Abbot Genser / Focus Features
Bill Murray as Officer Cliff Robertson, Chloë Sevigny as Officer Minerva Morrison, and Adam Driver as Officer Ronald Peterson in writer-director Jim Jarmusch’s The Dead Don't Die.
Turning on the relatably apocalyptic notion that the Earth has tilted off its axis, reanimating our bygone foes and loved ones, The Dead Don’t Die
seeks to make soft satire of our present. A zombie film alternatively too coy and too obvious for its own good, watching it feels like going on a date with someone who talks only about themselves — even though you might have been initially curious to know them.
Throughout its short length, the characters discuss repeatedly: George A. Romero, zombies, the film's title Sturgill Simpson track, whether what is happening could actually be happening, and (a major motif) whether things will end well. Eventually there are nods even to the film’s production. In this, as in his locally-set vampire flick Only Lovers Left Alive
, Jarmusch treads with languid comfort on the cliches of his chosen genre. Though this is a fine-looking movie with its wallpapered interiors and its hovering car shots, it’s done with less style and a deeper sense of nostalgia here than that other work — maybe in part because it’s of a less rich genre.
It’s hard not to do more than nod drowsily at the mention of a zombie story these days; those who trespass against the Romero framework are assumed to be under-versed, while those who hew to close to it will never be as good. Whatever level of respectful distance is embraced, the head-shots, rural milieus, and hauntings by dead parents have come to feel like exercises in the familiar. It’s rare that any effort at genuine newness in it is met with positive reception (28 Days Later
springs to mind as a rare exception), and often a gimmick is needed to imbue a sense of life.
Here the gimmick in question is our very own Bill Murray, whose deadpan deliveries as small-town protector Sheriff Cliff, alongside Deputy Ronnie (Adam Driver), offer some bemused interest before losing any air of novelty; Jarmusch fails ultimately to make his lead role much more than an an extended cameo, though for a lot of viewers he may provide sufficient value to shield this thing from scrutiny.
I’m not among them. To me “Bill Murray fighting zombies” sounds like a dated, drinking game-style mashup, and though the movie’s riddled with charming performers (Steve Buscemi, Tom Waits, Chloë Sevigny, Tilda Swinton) it’s hard to feel that they don’t overwhelm and undermine the setting of Centerville, the film’s small Pennsylvania town. With its endlessly repeating title track, its off-kilter characterizations, and its screwball timing, much of what’s here feels like it might have been made or shaped the way it has been off of a bet or a dare.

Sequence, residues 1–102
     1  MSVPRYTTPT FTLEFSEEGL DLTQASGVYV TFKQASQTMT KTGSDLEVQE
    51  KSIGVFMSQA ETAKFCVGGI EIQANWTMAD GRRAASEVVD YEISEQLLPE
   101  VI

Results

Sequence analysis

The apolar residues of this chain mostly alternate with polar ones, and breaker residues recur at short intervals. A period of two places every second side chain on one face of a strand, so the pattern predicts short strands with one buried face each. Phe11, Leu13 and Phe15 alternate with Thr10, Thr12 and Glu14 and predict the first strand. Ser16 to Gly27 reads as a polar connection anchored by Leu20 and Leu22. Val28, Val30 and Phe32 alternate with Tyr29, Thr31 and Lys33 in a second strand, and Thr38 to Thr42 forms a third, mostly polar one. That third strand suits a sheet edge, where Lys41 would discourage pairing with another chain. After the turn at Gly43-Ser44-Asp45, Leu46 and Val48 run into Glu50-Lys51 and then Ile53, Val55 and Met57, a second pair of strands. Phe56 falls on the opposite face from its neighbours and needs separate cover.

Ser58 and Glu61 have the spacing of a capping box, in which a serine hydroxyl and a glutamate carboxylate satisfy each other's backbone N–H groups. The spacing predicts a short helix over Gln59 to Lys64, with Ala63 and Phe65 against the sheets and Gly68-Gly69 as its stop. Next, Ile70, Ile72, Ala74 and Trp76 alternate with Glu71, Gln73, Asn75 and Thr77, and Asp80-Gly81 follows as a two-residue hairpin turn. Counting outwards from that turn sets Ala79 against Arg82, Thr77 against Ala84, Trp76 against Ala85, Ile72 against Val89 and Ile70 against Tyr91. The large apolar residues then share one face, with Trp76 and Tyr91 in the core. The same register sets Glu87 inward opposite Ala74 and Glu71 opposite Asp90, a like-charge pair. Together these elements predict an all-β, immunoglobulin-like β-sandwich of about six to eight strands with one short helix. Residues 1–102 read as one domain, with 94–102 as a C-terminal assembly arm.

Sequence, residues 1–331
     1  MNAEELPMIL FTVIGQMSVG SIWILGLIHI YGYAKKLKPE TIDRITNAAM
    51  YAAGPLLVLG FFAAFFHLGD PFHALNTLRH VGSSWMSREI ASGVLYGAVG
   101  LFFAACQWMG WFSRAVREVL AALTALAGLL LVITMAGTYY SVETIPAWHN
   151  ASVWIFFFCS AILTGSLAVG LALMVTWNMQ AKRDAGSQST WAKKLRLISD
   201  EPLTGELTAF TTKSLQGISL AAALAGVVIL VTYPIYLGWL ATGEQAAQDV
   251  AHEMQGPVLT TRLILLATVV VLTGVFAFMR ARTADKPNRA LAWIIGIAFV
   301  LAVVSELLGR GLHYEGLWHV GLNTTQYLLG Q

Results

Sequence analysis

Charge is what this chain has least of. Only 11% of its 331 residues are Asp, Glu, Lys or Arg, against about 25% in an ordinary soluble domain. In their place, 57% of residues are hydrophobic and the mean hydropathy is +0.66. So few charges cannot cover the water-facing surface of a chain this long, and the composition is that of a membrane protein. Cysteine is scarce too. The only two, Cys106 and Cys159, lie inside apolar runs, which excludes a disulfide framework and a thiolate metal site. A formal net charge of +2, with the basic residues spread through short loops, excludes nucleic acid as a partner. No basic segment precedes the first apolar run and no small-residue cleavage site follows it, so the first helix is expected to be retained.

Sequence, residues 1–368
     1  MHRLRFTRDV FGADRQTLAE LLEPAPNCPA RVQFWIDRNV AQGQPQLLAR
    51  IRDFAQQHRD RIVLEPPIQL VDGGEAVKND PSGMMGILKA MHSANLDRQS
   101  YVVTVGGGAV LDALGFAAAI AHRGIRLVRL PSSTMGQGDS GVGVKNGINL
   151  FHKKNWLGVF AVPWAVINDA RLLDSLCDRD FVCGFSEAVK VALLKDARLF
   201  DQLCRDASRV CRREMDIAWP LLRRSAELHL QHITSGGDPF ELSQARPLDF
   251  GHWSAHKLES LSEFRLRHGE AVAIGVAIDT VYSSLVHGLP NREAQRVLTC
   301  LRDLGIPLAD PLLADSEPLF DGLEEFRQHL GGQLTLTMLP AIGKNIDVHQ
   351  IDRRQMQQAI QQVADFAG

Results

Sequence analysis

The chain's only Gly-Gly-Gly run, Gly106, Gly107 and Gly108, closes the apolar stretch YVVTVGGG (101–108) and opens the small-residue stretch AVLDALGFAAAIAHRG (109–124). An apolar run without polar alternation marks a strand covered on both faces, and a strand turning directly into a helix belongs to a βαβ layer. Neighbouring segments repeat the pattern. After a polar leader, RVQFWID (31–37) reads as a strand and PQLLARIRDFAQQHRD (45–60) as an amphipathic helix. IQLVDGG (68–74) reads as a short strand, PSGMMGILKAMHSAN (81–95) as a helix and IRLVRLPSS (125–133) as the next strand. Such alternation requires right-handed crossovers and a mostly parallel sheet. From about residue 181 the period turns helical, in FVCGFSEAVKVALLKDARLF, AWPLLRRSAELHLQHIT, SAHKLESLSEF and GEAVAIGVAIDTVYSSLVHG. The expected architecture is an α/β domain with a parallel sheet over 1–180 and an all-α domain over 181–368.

Like many (maybe even most) Jarmusch movies, this one feels like an excuse to hang out with (and in some way celebrate) his posse of wealthy and talented friends. But as it seeks another raison d'être
over its wandering course, it stumbles — after Romero — on social satire as its best option. Reanimated, the zombie denizens of the Centerville recite the cravings and consumerist wants they had in life. Coffee is the first, followed by wifi, guitars, cellphones, alcohol, and the like. Lifelong athletes shamble around soccer fields and tennis courts in death while former prisoners return to the yards of their captivity.
Romero is the obvious precedent; his ardent, deeply felt worries about consumerism, how we treat each other, and the overall direction of America both drove and plagued the late director’s filmography, but throughout those anxieties seems to come from a place of real concern. In Jarmusch’s riff here, the joke seems to be that we’re all dead or gone anyway, in essence — to my mind a poor man’s existentialism, devoid of empathy. To paraphrase the film’s suggestions (and the title song’s lyrics), “looking at our phones all the time/ we’re basically already dead” — so what’s the use in worrying about how things end?
Though ironic detachment has long been a hallmark of Jarmusch’s style (his projects often appear easily, even lazily made — regardless of production realities), he’s also traditionally found strength in distance. Letting characters in works from Stranger than Paradise
to Dead Man
and 2017’s Paterson
speak via word and action for themselves, his air of emotional remove but still-evident artistic engagement (at least in terms of framing, shot duration, or shooting style) often casts a rich ambiguity on his story’s consequences — for the primary characters as well as whoever surrounds them. Throughout his work he’s unafraid to watch a character hang themselves through their mistakes.
In The Dead Don’t Die
, though, this detached air and its resultant weightlessness feels more a symptom of a gilded lifestyle and old age (for him the sources of modern-day panic are light matters he can just read or not about) than a means to any narrative or thematic end. I’ll be the last to say The Dead Don’t
is without charm or humor, but with its procession of cameos, its undercooked and weirdly crotchety satire, and its disinterest in its own borrowed narrative arc, it’s hard to find an animating reason for much of what’s on display here.
If Jarmusch can’t be bothered to care — or even to proffer any interesting observations — then why should we bother investing in this ourselves? If the movie’s lack of point is an in-joke (and it seems likely), its plot a knowing reanimation of its predecessors without real purpose beyond tepid enjoyment or an interest in their style, then it’s a very poor one, and not so modest an exercise as it might sound. You’d know in watching just as clearly as you might on a date — there’s no mistaking the air here for a humble one.
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